So much of what we end up hearing about players, current or former, is when things go wrong, whether it’s something they’ve done wrong or something is done wrong to them, or if things simply are not going well. This is simply because these are the stories that attract more attention than when somebody does some sort of charity work.
While the former obviously has to be covered to some degree, because it’s news, I like to bring up some of the latter here and there as well, so that’s why I’m writing about the latest recipient of the Pittsburgh Steelers’ Social Justice Grant Program. It’s all part of a relatively recent NFL-wide Inspire Change platform in which the league’s constituent teams work to fund select social justice programs of their approval, often tied locally.
Among the latest recipients is very local. It’s Mel Blount’s own Youth Home initiative, which he has been involved in since 1983. The first Youth Home was established in Georgia. Amazingly, when he tried to set one up in Pennsylvania in 1989, it was met with protests from…the Ku Klux Klan. Crosses were burnt. Shots were fired. The home was built.
Blount’s program primarily works with young people who are disadvantaged and helps them along the way. You may recall that one such individual, C.J. Goodwin, even ended up on the Steelers’ practice squad one year. He later went on to play in a Super Bowl with the Atlanta Falcons.
“It’s a tremendous honor first for the Steelers to think of us like this, the players and the team”, Blount told the team’s website. “The other thing is the help it provides for the kids. It gives ability for us to go out and do things for the kids. We buy a lot of things for the kids, from back to school, to Christmas, and so forth. It’s a tremendous help. Even more importantly it shows how strong the Steelers family is”.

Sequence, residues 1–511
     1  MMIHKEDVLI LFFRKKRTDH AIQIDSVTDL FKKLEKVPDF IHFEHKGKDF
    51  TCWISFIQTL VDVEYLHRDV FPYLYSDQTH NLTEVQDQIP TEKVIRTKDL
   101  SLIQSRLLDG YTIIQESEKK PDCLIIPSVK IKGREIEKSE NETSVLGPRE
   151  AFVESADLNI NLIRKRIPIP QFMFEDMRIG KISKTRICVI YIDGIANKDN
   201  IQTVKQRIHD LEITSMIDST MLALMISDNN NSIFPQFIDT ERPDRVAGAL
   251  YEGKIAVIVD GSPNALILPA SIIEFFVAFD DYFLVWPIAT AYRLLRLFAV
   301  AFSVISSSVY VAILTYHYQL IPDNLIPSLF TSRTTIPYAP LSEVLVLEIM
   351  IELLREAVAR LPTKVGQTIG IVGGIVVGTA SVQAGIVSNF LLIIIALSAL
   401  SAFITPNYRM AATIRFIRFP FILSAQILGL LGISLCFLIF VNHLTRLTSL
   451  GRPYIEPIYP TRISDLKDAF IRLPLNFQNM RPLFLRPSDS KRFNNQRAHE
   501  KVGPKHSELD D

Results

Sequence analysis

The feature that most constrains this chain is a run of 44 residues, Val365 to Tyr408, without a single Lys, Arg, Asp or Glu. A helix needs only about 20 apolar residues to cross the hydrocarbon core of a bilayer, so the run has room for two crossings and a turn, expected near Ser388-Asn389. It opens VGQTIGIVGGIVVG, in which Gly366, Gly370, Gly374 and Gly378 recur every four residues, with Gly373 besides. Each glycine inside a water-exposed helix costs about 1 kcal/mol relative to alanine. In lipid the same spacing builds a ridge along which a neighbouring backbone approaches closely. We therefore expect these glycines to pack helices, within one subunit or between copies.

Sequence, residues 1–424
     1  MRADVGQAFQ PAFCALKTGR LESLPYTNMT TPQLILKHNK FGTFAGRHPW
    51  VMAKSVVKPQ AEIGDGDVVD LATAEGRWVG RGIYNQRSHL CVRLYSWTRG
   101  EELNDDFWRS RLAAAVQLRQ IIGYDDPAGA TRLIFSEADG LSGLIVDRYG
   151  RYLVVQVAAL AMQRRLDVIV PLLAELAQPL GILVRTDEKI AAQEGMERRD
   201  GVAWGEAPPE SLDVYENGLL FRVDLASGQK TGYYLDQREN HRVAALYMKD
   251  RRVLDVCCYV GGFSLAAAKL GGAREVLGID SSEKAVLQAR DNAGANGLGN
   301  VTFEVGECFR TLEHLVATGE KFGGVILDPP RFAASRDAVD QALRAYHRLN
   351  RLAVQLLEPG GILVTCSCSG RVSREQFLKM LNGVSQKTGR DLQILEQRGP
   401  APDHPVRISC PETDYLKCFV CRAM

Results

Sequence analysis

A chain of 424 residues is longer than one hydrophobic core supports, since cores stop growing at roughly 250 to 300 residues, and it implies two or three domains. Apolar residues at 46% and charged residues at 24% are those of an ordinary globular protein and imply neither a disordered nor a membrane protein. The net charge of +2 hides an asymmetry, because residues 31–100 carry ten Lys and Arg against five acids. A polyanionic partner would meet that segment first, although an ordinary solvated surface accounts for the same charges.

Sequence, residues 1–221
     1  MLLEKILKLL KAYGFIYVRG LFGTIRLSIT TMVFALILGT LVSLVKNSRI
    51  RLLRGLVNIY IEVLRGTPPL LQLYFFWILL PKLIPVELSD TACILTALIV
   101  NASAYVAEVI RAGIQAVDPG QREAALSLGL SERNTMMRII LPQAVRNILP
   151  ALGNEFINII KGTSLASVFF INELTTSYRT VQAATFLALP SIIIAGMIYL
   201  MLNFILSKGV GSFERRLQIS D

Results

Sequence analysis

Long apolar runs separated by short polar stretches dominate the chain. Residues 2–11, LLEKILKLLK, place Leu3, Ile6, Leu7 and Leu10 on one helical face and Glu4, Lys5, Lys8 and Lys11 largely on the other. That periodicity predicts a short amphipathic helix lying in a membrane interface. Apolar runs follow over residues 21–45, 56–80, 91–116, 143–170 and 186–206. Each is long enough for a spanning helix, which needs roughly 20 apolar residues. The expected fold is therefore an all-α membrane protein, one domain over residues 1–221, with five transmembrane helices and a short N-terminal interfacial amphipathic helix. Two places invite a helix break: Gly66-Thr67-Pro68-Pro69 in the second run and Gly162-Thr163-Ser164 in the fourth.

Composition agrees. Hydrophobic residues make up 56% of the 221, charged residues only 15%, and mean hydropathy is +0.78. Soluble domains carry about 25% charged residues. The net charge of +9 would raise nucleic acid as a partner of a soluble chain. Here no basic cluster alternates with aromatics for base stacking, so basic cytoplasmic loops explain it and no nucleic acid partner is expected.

I’d like to take this time to remind those who need to be reminded that most NFL players who have been in the league for a few years have some sort of non-profit charity that they get involved with, while others simply donate their time to outside organizations about which they are passionate. They do a lot more good directly in their own communities than most of us do, including myself.
“The money is important”, Blount acknowledged about the realities of running a charity. “You need that. It’s a necessary vehicle to do the work that we need to do. But the players giving their time and themselves, and their presence among kids, has a tremendous influence on the young people. I would always take the time and presence because of what it means to our young people”.
Anybody reading this surely already knows this, but Blount is one of the most respected members of Steelers history. A dominant cornerback of the 1970s whose play spurred a rule change, he was a five-time Pro Bowler, a Defensive Player of the Year, and is a Hall of Famer, who regularly maintains his presence within the organization.
It’s only fitting that the players, many of whom have worked directly with him and his charity, chose his Youth Home as one of the recipients for the team’s donations.